Tella didn’t know if the young man’s threat was serious, but it was too tempting to hold back from saying, “Not if I shove you out first.”

This earned her a flash of dimples that might have been charming, yet somehow they managed to look unkind, like a winking gemstone in the hilt of a double-edged sword. Tella couldn’t decide if his features were too sharp to be attractive, or if he was just the sort of handsome that hurt to look at, the devastating type of lovely that would slit your throat while you were busy staring into its cold quicksilver eyes.

“Careful, pet. You might be one of the empress’s guests, but many in her court are not as forgiving as I am. And I’m not forgiving at all.”

Crunch. Sharp teeth took another bite of his white apple before he let it slip from his fingers and drop onto her slippers.

Tella kicked the apple back in his direction, and pretended she wasn’t concerned in the least that he’d act on his threat. She even went so far as to turn her head away from him and toward the window while their carriage continued to skate above the city. It must have worked; from the corner of her gaze she saw the young man close his eyes as they passed over Valenda’s renowned districts.

Some districts were more infamous than others, like the Spice Quarter, where rumors claimed deliciously illicit items could be found, or the

Temple District, where various religions were practiced—supposedly there was even a Church of Legend.

It was too dark to distinctly see anything, but Tella continued to look until the carriage began its descent toward the palace and she could finally make out more than dim starry-eyed lights sparkling up at the sky.

All she could think was, The storybooks lied.

Tella had never cared much for castles or palaces. Scarlett was the sister who’d fantasized about being whisked away by a rich nobleman or a young king to a secluded stone fortress. To Scarlett, castles were bastions of safety offering protection. Tella saw them as fancy prisons, perfect for watching, controlling, and punishing. They were larger versions of her father’s suffocating estate on Trisda, no better than a cage.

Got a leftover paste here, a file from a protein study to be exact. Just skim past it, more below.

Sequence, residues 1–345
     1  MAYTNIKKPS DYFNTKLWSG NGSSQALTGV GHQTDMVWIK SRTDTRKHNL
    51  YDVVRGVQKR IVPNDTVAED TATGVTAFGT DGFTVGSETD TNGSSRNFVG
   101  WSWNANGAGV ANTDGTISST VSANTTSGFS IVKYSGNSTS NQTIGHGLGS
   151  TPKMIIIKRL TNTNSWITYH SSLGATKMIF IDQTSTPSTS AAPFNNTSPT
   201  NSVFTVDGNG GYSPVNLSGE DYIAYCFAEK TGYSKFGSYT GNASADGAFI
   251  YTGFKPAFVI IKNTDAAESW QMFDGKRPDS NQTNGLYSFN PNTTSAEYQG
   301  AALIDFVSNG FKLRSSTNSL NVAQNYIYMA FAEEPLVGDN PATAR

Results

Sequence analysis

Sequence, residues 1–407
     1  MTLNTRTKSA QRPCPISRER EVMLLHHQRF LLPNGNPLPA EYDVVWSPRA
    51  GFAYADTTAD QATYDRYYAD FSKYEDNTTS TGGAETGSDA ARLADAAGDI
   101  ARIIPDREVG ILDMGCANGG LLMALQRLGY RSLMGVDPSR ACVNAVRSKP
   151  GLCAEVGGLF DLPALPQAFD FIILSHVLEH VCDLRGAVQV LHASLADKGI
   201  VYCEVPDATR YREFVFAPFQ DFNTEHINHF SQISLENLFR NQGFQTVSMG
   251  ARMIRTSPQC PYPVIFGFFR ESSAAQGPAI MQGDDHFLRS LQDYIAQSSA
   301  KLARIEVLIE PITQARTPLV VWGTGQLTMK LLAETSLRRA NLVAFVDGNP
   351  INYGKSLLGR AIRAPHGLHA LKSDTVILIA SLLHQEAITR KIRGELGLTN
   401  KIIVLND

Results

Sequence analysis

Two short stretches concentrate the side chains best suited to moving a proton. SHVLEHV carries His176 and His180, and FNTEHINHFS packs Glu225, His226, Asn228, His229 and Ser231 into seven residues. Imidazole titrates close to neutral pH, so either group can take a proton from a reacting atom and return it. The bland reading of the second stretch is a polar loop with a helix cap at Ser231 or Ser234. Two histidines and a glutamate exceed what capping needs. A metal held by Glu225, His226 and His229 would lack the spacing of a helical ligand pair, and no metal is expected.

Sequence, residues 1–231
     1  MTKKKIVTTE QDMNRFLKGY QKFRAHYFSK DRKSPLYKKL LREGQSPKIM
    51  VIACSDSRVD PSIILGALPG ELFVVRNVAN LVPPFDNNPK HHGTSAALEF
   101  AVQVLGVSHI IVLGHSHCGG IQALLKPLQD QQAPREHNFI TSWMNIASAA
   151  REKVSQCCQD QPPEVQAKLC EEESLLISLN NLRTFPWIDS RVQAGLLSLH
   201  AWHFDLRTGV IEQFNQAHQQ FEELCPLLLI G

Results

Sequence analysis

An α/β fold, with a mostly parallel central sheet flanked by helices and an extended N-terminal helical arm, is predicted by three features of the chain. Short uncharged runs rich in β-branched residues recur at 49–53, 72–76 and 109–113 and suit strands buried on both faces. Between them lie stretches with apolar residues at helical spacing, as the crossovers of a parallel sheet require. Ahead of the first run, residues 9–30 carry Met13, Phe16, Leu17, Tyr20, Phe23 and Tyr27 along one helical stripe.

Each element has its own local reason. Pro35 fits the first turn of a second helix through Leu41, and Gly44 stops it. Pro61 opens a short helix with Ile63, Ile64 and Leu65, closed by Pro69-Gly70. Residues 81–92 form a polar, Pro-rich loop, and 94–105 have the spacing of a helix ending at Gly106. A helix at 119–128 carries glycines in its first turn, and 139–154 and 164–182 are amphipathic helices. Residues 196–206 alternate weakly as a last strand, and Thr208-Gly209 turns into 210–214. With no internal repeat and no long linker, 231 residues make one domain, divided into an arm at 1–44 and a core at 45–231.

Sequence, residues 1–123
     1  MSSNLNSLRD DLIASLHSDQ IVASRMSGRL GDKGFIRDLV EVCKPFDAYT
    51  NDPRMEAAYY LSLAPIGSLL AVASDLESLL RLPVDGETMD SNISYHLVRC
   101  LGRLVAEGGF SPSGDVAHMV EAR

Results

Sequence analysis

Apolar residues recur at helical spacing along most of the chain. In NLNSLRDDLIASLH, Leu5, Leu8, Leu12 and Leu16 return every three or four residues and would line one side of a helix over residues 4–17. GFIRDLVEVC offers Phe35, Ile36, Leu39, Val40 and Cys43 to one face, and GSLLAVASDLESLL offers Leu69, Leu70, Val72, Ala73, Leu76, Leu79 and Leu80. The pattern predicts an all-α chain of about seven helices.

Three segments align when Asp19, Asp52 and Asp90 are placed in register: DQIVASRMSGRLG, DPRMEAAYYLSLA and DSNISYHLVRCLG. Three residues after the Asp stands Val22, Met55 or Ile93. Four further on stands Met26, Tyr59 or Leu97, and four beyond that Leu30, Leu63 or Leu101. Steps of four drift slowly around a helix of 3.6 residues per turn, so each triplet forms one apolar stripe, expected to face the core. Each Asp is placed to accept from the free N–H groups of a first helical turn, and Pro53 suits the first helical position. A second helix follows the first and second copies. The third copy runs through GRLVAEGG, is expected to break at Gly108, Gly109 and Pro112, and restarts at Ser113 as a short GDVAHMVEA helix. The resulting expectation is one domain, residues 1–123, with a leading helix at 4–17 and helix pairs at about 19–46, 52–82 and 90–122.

But as her coach continued its slow, downward drop, Tella wondered if she’d been too hasty with her judgments.

She’d always pictured castles to be things of gray stone and mold and musty corridors, but Elantine’s bejeweled palace set fire to the night like treasure snatched from a dragon’s lair.

She thought she heard the young nobleman snort, probably at some dazzled expression she’d made. But Tella didn’t care. In fact, she pitied him if he couldn’t appreciate the beauty.

Elantine’s palace sat atop Valenda’s highest hill. In the center of it, her famed golden tower burned beacon-bright in shades of copper and blazing coral. Regal and straight, until near the top where the structure arched like a crown, it was a mirror image of Tower Lost from Decks of Destiny. Tella held her breath. It was the tallest building she’d ever seen, and somehow it looked alive. It ruled like an ageless monarch, presiding over five arching jeweled wings, which stretched out from the tower like the points of a star. And Tella would get to live inside of this star for a week.